NY Court Gets It Right On Common Interest Privilege
The New York Appellate Division, First Department, came to the right conclusion recently regarding the application of the common interest privilege in the nonlitigation context. Ambac Assurance Corp. v. Countrywide Home Loans Inc. (N.Y.A.D. 1 Dept., Dec. 4, 2014). The trial court held that the common interest privilege applied only where the parties shared a common interest in pending or reasonably anticipated litigation. The appellate division rejected that logic and correctly held that the common interest privilege applies equally to litigated and nonlitigated matters. This was the first New York appellate opinion expressly adopting the majority rule on this issue and should lead to greater certainty and consistency for parties seeking legal advice to advance their common interests.
Ambac brought the lawsuit against Countrywide Home Loans and affiliated entities alleging that Countrywide fraudulently induced it to insure residential mortgage-backed securities transactions between 2004 and 2006. Ambac also asserted claims against Bank of America Corp. as Countrywide's successor-in-interest pursuant to a merger between a BAC subsidiary and a Countrywide affiliate. The merger agreement bound the parties to work together on a number of preclosing activities, including preparing and filing joint proxy and registration statements. The parties required shared legal advice to ensure that these filings complied with the law and to advance their common interest in resolving legal issues necessary to the merger's success. Ambac sought discovery of communications between the parties and their legal counsel in order to further its merger-related claims against BAC and Countrywide.
A referee supervising discovery concluded that the communications were not protected because the common interest privilege is limited to parties sharing a common legal interest that impacts actual or potential litigation, not a merger or other common business interest. The trial court agreed with the referee, concluding that BAC was seeking to extend New York's common interest privilege beyond its existing boundaries.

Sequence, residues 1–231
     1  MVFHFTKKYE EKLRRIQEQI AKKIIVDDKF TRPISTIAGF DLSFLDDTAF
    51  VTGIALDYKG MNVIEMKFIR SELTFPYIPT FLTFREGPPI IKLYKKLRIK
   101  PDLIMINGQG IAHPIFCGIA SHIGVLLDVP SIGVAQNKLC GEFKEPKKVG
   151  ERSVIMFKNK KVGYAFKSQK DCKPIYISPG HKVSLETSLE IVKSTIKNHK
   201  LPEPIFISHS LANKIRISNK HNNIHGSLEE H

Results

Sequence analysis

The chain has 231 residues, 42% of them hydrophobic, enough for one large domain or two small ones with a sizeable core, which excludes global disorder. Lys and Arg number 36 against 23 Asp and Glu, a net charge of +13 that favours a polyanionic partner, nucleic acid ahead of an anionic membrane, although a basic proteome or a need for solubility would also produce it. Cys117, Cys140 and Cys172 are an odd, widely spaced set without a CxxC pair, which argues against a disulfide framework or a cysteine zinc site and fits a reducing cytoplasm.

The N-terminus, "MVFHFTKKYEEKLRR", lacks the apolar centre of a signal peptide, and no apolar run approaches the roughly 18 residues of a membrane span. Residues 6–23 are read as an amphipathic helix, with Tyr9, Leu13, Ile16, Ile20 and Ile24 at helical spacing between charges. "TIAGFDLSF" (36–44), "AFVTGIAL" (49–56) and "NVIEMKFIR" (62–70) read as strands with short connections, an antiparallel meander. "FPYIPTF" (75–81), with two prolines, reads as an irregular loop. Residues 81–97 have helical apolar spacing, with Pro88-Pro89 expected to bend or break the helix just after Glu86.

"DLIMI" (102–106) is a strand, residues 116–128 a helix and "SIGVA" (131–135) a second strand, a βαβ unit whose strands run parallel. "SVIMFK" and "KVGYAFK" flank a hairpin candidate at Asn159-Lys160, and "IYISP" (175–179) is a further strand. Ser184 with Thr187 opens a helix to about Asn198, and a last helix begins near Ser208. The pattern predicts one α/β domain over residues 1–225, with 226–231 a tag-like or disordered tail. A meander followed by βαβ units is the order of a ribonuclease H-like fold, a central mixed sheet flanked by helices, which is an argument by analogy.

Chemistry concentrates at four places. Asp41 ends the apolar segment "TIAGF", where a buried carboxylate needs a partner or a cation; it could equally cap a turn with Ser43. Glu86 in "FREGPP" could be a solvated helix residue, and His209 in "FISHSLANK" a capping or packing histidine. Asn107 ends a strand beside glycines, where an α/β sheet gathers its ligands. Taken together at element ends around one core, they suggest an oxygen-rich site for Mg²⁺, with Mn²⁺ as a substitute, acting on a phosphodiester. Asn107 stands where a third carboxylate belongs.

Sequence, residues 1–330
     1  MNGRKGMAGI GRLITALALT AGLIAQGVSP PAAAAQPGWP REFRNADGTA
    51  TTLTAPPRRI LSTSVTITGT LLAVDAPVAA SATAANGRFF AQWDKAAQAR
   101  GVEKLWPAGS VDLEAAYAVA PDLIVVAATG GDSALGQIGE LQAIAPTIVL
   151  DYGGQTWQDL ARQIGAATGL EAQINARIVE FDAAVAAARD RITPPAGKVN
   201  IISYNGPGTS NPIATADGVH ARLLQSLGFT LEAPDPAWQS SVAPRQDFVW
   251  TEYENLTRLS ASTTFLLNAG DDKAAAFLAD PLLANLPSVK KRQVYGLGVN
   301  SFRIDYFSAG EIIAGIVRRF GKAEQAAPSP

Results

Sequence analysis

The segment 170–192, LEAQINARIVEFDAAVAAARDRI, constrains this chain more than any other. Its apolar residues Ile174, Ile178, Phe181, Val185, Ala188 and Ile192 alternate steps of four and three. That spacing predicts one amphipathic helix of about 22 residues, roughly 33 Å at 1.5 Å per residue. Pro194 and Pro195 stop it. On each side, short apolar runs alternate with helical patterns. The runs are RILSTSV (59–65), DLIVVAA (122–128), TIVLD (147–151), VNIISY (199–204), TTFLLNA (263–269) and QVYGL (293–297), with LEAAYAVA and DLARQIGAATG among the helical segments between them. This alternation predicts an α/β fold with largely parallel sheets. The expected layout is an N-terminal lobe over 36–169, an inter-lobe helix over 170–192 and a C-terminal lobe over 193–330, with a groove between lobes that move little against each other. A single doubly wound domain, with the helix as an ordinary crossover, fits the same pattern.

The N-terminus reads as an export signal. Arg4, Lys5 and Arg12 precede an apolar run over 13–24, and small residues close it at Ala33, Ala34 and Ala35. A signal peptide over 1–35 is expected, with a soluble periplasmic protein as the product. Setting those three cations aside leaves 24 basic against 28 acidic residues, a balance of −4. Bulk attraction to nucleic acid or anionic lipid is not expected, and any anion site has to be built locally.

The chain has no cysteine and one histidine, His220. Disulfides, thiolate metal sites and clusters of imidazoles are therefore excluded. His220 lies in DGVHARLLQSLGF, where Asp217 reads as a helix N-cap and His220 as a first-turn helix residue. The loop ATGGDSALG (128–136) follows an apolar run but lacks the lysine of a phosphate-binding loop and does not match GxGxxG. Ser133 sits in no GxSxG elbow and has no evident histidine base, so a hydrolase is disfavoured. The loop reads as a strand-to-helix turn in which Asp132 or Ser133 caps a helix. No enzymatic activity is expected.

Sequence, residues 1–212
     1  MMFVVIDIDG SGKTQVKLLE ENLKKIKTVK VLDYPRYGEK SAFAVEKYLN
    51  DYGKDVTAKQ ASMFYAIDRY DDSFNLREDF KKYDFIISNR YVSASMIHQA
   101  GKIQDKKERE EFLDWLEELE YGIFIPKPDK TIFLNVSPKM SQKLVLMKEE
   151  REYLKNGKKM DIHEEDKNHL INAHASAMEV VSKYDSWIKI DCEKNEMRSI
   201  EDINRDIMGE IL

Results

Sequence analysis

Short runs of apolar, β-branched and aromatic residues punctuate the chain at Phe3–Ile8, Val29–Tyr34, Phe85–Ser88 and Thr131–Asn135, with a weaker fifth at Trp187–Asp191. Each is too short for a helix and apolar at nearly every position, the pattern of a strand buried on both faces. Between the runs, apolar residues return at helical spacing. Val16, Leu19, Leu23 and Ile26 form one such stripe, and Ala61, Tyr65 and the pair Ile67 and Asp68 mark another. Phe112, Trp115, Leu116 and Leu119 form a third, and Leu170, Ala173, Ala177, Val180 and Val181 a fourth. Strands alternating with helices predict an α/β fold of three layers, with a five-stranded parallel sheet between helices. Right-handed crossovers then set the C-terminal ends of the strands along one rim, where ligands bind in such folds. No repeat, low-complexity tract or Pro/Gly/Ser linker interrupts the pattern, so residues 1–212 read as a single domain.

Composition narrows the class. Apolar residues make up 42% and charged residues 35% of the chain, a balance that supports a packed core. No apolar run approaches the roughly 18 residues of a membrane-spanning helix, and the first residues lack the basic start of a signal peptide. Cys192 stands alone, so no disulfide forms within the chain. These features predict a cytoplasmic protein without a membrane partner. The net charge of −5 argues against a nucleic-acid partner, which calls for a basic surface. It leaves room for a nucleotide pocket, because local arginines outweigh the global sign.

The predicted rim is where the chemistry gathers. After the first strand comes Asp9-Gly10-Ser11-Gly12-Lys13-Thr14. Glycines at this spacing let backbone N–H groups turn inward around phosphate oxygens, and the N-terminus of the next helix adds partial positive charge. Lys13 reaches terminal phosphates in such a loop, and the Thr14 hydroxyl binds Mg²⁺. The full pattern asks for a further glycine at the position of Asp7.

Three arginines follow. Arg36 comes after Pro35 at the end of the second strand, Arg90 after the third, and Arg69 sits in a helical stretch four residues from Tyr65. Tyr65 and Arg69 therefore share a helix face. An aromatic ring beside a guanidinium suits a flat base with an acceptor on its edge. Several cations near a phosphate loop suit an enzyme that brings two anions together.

The trial court's limitation makes no sense in light of the history and purpose of the common interest privilege. The common interest privilege is an extension of the attorney-client privilege, which protects communications between lawyers and their clients made in confidence for the purpose of rendering and obtaining legal advice. It is not an independent basis for privilege, but rather an exception to the general rule that the attorney-client privilege is waived if communications are made in the presence of third parties. The common interest privilege serves the public interest in advancing compliance with the law by encouraging parties with common legal interests to seek legal assistance without fear that their communications will be made public. There is no basis in law, public policy or common sense to limit its protections to parties with a common interest in litigation.
The appellate division observed that the vast majority of federal courts that have addressed the issue, as well as authorities from other states, have found that the common interest privilege is not limited to parties sharing a common interest in actual or anticipated litigation. Although not discussed in the Ambac opinion, it appears that only one federal circuit -- the Fifth Circuit -- requires that the common interest be in pending or reasonably anticipated litigation.